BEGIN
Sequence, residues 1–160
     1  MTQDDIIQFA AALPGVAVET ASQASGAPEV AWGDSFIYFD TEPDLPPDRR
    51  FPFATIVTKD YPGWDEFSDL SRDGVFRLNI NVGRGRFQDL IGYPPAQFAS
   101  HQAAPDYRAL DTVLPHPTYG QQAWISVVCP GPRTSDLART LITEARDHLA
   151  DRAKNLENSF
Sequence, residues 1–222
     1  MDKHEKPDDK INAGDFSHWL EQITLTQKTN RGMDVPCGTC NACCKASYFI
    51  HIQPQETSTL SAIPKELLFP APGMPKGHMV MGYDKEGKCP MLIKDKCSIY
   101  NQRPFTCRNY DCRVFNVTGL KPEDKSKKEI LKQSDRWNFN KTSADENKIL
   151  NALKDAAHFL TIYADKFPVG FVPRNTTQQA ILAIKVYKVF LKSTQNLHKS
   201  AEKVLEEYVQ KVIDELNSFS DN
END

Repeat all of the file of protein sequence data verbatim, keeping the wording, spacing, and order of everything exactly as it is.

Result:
Sequence, residues 1–160
     1  MTQDDIIQFA AALPGVAVET ASQASGAPEV AWGDSFIYFD TEPDLPPDRR
    51  FPFATIVTKD YPGWDEFSDL SRDGVFRLNI NVGRGRFQDL IGYPPAQFAS
   101  HQAAPDYRAL DTVLPHPTYG QQAWISVVCP GPRTSDLART LITEARDHLA
   151  DRAKNLENSF
Sequence, residues 1–222
     1  MDKHEKPDDK INAGDFSHWL EQITLTQKTN RGMDVPCGTC NACCKASYFI
    51  HIQPQETSTL SAIPKELLFP APGMPKGHMV MGYDKEGKCP MLIKDKCSIY
   101  NQRPFTCRNY DCRVFNVTGL KPEDKSKKEI LKQSDRWNFN KTSADENKIL
   151  NALKDAAHFL TIYADKFPVG FVPRNTTQQA ILAIKVYKVF LKSTQNLHKS
   201  AEKVLEEYVQ KVIDELNSFS DN